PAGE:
The market continues to revolve around three main storylines - Canadian drought, Brazilian corn and Chinese demand. There are a few side issues going on as well (floods in Europe, Argentinian logistics, Indian monsoon) that will keep the market ticking over, but for mind, the three main issues are the major market movers

In the past week, we have seen Russia trim their production from 85mmt to 81.5mmt on the back of a hot, dry finish and early yields not meeting expectations.  It might be a tad premature, as yields have improved to be averaging 3.5t/ha, which is 5% higher than last years crop.  Kazakhstan has banned exports of feed wheat and barley on the back of a disappointing season.  The net effect is likely to be minimal to global supplies, but it is another cut nonetheless.

The weekly US crop condition report shows an improving production scenario for the all important corn and bean markets – both up 1% point to 65% and 60% “good” (gd) to “excellent” (exc) respectively.  Silking and flowering are also ahead of average, meaning the plants can set yield potential before late season stresses emerge.  August rain will determine if this years US row crops meet their current (excellent) potential or contribute to the already tight balance sheet.  On the flip side, US Spring Wheat is in diabolical trouble at only 11% gd to exc (an all-time record low and getting worse).

Conditions are similarly dire over the border in Canada with another week of hot, dry weather continuing to lower yield expectations.  Canola in Saskatchewan is rated below 20% gd to exc and Spring Wheat around 35% gd to exc.  The drought in Canada is almost unprecedented.  Optimistically, canola production is hoped to be around 16mmt (down from 20mmt) with 10mmt consumed domestically.  It is going to make for a very tight oilseed market.  The AAFC (Agriculture & Agri-Food Canada) has pegged Canadian wheat production at 30mmt although noting a more pessimistic value of 25mmt due to drought.  The market will continue to debate these figures until headers start rolling.  Some rain was observed in Manitoba and SE Saskatchewan in the past week, but the next seven days look to remain dry.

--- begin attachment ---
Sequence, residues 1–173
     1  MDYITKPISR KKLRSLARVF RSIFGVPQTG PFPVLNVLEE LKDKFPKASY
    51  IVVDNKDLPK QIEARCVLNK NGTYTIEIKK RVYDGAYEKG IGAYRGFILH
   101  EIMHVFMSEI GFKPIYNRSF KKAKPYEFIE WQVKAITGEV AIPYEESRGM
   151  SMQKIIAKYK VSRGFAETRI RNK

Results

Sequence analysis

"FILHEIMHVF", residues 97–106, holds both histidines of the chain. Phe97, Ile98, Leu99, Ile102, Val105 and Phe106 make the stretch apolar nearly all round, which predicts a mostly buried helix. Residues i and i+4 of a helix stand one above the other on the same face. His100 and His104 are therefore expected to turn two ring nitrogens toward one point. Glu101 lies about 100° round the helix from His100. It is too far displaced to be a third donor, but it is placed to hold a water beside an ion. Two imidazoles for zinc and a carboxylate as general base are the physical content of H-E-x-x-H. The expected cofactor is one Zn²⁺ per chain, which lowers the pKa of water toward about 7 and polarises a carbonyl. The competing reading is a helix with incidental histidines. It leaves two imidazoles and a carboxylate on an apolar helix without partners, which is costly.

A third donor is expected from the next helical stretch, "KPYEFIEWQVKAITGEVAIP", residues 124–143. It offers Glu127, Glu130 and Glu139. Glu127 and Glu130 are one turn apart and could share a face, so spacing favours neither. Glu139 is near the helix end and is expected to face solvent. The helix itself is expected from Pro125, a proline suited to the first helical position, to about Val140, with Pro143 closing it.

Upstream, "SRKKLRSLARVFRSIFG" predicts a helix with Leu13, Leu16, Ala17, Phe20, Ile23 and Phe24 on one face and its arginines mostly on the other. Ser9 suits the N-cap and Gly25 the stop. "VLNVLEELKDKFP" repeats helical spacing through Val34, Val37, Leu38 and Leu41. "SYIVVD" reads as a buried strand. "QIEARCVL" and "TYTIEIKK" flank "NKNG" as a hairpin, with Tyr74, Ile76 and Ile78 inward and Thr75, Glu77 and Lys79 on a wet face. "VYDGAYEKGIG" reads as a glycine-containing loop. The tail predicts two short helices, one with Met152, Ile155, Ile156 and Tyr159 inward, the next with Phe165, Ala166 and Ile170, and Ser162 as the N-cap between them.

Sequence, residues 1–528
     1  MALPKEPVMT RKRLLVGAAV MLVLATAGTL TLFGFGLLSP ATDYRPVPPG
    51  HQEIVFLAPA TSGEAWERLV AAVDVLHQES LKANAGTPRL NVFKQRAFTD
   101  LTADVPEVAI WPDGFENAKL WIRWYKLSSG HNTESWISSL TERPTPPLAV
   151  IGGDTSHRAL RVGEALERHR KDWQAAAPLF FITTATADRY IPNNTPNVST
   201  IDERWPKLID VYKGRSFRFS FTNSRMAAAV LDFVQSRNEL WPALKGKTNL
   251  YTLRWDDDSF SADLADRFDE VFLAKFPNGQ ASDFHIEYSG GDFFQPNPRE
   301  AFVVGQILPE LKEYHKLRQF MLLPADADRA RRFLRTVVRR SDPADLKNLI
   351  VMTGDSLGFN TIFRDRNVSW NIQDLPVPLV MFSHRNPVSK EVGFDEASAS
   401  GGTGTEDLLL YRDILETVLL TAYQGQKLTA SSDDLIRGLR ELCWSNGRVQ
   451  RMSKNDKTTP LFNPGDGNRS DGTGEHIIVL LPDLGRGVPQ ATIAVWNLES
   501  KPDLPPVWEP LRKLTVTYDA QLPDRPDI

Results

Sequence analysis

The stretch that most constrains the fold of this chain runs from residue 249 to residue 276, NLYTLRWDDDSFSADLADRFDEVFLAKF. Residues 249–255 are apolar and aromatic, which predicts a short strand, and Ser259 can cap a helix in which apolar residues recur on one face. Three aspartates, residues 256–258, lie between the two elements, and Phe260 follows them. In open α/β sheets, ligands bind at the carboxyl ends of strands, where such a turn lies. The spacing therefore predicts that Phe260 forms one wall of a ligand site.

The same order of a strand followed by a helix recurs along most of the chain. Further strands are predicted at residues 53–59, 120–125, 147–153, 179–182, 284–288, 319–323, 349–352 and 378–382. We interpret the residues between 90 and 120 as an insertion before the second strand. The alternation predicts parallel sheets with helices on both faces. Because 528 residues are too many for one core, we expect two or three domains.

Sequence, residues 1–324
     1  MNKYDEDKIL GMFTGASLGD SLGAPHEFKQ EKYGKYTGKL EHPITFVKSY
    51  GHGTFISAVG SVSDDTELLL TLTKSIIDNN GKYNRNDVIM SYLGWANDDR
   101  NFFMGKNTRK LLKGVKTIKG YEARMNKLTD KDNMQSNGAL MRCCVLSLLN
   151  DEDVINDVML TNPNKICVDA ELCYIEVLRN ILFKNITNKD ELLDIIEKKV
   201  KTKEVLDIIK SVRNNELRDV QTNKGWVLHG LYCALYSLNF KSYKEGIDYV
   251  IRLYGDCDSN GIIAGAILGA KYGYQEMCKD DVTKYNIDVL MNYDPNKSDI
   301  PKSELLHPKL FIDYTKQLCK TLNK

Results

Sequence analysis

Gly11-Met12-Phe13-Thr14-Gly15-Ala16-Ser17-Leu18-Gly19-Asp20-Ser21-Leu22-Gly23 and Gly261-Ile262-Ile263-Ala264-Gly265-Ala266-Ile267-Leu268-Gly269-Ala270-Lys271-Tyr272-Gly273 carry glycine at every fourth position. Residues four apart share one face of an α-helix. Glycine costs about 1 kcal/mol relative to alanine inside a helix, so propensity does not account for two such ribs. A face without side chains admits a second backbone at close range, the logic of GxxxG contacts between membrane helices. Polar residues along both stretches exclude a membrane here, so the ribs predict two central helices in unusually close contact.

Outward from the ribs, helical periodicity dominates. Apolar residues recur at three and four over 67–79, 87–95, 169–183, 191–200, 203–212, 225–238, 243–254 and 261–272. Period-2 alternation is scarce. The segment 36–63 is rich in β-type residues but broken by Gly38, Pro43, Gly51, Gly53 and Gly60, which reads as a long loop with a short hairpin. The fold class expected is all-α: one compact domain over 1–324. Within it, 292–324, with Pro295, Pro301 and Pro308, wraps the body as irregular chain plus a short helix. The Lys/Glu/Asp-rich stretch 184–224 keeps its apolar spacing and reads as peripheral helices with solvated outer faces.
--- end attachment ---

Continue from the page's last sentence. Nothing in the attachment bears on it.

The last USDA report had the major exporter* stocks to use at 14%.  This is getting tight.  Total world supplies look on paper to be relatively loose, but with 48% of these supplies sitting in China and unlikely to see the light of day, we need the majors to be in a comfortable position.

  • Major Exporters – US, EU27, RUS, UKR, AUS, CAN, ARG

Another couple of frosts in the important Brazilian corn producing regions of Matto Grosso du Sol and Parana look to compound the problems already seen in the corn crop.   Earlier estimates had Brazils Safrinha corn crop at 66mmt but anecdotal reports suggest a figure in the mid 50’s is more likely.   Argentina is also experiencing a drought which has lowered water levels in the Parana River to 77-year lows.  The river is an important conduit for ag commodities to Port and passage of barges has become impossible in some sections of the river.

Next week:  After a week of incremental price increases in the ag commodities, the markets retreated last night on news that China was largely absent from the weekly tenders and cancelled 160kmt of US old crop corn. This may be enough to spark another round of buying.  Expect the same three issues to keep the market guessing.

Commodity Conversations

Next week

After a week of incremental price increases in the ag commodities, the markets retreated last night on news that China was largely absent from the weekly tenders and cancelled 160kmt of US old crop corn. This may be enough to spark another round of buying.  Expect the same three issues to keep the market guessing.

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Click on graph to expand

Click on graph to expand

Data sources: USDA, Reuters, SovEcon, Argus AgriMarkets

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